Police in Thailand have launched a murder inquiry after two young British tourists were found dead on a bloodstained beach with what were described as “gruesome” head injuries. The bodies were discovered, partly naked, close to the location of where a beach party had been held the night before.
Thai police named the two, David William Miller, 24, from Jersey, and Hannah Victoria Witheridge, from Great Yarmouth, Norfolk, aged 23. They were found on a rocky beach on Koh Tao, or Turtle Island, a location in the south of the country known as a for its dive sites.
The young woman’s throat had reportedly been cut while the man had suffered a cutting wound on the back of his head. Some of the pair’s clothes were located nearby, as was a hoe, which police believe was used in the murder.
“The man was chopped in the back and on the side of his head, while the woman was chopped in her face,” police chief Prachum Ruangthong told the Associated Press. “It’s very gruesome.”
The bodies were found at around 6.30am on Monday morning by migrant workers from neighbouring Burma, employed to clean the beach. There had reportedly been a beach party the previous evening, just a few hundred metres from where they were found on Sai Ree beach.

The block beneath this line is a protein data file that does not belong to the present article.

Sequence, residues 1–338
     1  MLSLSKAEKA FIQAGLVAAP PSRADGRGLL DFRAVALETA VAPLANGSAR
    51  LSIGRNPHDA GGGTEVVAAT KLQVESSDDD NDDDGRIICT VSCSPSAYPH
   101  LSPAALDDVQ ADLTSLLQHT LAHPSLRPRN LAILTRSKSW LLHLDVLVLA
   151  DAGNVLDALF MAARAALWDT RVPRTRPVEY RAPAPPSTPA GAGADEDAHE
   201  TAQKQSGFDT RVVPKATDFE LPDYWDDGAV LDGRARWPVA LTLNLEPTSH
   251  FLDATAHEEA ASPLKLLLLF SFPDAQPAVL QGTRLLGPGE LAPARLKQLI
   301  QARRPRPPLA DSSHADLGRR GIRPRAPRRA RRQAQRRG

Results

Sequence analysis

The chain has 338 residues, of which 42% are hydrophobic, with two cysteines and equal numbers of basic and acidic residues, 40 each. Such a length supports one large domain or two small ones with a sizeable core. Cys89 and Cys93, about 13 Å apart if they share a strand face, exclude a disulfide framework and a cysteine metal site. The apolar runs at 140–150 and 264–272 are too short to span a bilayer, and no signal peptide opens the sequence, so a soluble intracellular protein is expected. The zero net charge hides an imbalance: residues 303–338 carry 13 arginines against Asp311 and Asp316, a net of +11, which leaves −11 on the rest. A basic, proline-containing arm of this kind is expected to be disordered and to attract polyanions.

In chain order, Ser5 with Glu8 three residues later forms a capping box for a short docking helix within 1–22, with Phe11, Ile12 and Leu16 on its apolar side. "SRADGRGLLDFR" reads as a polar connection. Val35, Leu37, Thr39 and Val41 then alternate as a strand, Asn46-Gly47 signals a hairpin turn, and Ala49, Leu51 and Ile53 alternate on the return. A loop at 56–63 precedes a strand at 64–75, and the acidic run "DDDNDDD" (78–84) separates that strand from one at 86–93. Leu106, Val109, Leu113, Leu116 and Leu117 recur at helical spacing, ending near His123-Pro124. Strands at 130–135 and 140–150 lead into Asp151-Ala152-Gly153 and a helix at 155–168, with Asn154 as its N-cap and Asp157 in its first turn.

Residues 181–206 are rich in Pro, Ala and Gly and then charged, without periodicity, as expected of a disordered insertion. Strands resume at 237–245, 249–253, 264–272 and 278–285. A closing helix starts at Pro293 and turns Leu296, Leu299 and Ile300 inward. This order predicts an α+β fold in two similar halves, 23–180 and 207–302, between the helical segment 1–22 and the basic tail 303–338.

Police said they had not immediately identified any suspects and were checking CCTV cameras at nearby restaurants, hotels and shops in a search for the attacker or attackers. The tourists had been separately staying in the same resort of beachside huts, local media reported, and had gone out to a bar with other tourists on Sunday evening.
For some time after the killings, people on the island, located in Surat Thani province and which is home around 2,000 residents, had blockaded its piers to help prevent anyone escaping. The blockade was lifted after a few hours, raising the prospect that whoever carried out the attack could have fled.
In Jersey, police said family liaison officers were working with the family and close relatives of the dead man. A spokeswoman for the force said it was not in a position to name the victim, who may not have been formally identified, as that was up to the Thai police.
Norfolk police referred all inquiries to the Foreign and Commonwealth Office in London. A spokesperson there said yesterday: “We are aware of the death of two British nationals on 15 September on the island of Koh Tao. The embassy are urgently seeking information from the local authorities and consular staff stand ready to provide assistance at this tragic time.
“The consul from Bangkok is travelling to Koh Tao as soon as possible,” they added.
The killings will present a new challenge for Thailand’s government, which seized power in a coup earlier this year. The tourism industry, which attracts around 27m tourists, is worth anywhere up to £21bn, as much as 9 per cent of GDP.
But following months of political turmoil, followed by the coup, officials in the tourism industry say visitor numbers have fallen by up to 10 per cent compared to last year.